Prevent manual transcription errors in poc testing
When results of point-of-care tests are entered manually by staff into the EHR, it is inevitable that transcription errors are…
When results of point-of-care tests are entered manually by staff into the EHR, it is inevitable that transcription errors are going to sneak in. But how big a problem is this? A study published in the Journal of the American Medical Informatics Association shows a worrying rate of clinically significant errors occur.
Transcription error rate
The researchers wanted to understand the rate of manual transcription error, as this wasn’t well defined in an outpatient clinical care setting, so they studied manually entered glucose measurements. In their study measuring the rate of manual transcription error in outpatient point-of-care testing, they found that 260 of 6930 (3.7%) of manual entries were discrepant. And of those, 37 (14.2%) were so big as to be potentially dangerous — these were results discrepant by more than 20%.
This data shows clinically significant discrepancies occurred at a rate of around 5 per 1000 results.
This is unquestionably a patient safety issue, as it creates a risk of patient harm from providers acting on inaccurate results.
The study used glucose instruments, but in other POC testing instruments such as CBCs, a transcription error could lead to a potentially more severe misdiagnosis.
Patient safety risk
As billions of POC tests are conducted each year and are currently entered into the EHR manually by staff, this problem of transcription error is going to be widespread in ambulatory care. No matter how careful a staff member is, they are always going to make mistakes especially in busy, time-pressured environments. The national patient safety risk this creates is therefore very big.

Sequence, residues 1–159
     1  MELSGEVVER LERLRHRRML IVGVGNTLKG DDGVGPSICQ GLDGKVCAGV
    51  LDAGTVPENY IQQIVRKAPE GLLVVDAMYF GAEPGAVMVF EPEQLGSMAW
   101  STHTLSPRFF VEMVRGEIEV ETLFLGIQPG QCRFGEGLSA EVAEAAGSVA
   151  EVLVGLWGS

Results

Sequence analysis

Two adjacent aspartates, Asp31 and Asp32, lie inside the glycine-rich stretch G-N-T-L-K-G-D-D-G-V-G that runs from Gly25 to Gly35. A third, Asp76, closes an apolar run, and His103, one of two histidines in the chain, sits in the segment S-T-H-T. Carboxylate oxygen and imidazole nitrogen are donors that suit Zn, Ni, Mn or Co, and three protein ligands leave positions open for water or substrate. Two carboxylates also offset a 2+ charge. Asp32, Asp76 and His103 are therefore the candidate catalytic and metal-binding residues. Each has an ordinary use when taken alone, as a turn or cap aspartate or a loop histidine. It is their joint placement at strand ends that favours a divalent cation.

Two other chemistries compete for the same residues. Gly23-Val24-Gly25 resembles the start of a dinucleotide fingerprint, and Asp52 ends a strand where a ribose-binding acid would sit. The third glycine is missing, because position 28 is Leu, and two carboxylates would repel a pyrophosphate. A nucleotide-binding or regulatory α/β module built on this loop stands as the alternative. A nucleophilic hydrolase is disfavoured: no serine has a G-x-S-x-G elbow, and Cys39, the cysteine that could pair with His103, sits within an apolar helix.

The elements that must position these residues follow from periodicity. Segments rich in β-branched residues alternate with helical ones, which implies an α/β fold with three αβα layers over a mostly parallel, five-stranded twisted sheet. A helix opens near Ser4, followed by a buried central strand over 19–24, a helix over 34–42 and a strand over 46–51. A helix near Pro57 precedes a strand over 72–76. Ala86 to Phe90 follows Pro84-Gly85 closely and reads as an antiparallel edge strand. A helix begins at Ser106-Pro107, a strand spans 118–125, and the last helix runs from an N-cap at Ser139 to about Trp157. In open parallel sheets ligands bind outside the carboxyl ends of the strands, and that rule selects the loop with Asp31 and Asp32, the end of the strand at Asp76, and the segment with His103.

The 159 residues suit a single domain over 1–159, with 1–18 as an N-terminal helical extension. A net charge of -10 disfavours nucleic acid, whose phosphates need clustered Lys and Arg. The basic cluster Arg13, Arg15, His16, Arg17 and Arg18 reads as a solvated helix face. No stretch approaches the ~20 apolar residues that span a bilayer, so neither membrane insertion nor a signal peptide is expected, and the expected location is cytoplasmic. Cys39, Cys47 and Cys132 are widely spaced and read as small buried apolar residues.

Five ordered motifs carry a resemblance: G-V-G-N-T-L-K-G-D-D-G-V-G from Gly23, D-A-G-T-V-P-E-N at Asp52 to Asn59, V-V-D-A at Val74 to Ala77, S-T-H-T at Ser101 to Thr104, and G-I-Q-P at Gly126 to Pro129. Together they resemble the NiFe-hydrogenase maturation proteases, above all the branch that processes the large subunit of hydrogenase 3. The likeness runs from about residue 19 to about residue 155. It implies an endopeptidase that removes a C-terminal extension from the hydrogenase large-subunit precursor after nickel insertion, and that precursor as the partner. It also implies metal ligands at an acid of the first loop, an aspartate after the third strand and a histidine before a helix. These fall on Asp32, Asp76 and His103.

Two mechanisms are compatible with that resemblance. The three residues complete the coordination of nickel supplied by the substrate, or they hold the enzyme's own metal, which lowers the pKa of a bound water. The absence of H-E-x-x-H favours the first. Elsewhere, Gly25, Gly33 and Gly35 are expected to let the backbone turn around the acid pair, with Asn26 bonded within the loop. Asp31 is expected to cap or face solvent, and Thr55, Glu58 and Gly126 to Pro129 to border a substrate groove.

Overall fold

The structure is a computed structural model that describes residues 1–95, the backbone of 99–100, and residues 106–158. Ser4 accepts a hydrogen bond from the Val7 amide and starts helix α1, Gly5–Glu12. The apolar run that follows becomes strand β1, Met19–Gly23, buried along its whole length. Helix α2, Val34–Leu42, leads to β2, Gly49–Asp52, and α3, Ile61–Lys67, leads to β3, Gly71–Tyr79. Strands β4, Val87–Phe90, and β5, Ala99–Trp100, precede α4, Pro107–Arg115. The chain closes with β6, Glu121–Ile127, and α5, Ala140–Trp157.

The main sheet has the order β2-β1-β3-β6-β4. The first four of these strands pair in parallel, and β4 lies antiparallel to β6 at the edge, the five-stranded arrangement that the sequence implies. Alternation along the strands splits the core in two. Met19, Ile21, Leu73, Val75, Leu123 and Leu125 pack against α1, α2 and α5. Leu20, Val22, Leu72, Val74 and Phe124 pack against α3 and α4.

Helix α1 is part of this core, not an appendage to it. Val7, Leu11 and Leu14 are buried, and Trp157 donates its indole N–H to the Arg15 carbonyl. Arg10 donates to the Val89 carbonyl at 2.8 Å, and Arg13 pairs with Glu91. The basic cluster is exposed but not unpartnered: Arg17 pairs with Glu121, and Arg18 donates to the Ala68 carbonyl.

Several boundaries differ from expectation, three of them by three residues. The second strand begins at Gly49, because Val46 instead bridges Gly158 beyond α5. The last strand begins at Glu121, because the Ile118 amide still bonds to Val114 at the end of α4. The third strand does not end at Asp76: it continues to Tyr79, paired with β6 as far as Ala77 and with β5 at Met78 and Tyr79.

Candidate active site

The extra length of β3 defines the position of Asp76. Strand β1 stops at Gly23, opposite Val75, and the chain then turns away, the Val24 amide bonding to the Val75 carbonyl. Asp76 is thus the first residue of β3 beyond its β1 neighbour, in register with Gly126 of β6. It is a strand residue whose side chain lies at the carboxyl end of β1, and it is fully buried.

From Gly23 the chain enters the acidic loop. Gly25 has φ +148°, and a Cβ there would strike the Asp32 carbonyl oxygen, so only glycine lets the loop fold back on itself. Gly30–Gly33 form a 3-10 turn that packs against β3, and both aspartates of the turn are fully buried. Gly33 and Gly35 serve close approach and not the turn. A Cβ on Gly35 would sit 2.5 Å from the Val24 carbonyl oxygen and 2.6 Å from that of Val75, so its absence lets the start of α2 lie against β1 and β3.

Removing the human from the process is the solution! A POC testing result interface is the safest and most reliable method to transfer lab results to the EHR. Unfortunately as the authors state, instruments are often not interfaced to the EHR due to technical hurdles and resource limitations with existing middleware and laboratory information systems (LIS). This is exactly why we built Relaymed, to be a simple and affordable solution for the ambulatory market, to interface devices and automatically transfer results to the EHR. This problem of manual transcription error in point-of-care testing does not need to exist!
The value of middleware for interfacing instruments to the EHR often focuses on efficiency gains and the return on investment it can bring clinics when they are considering adoption — but the value it brings to patient safety, as shown by this research, should perhaps give thought for greater emphasis over purely financial benefits.
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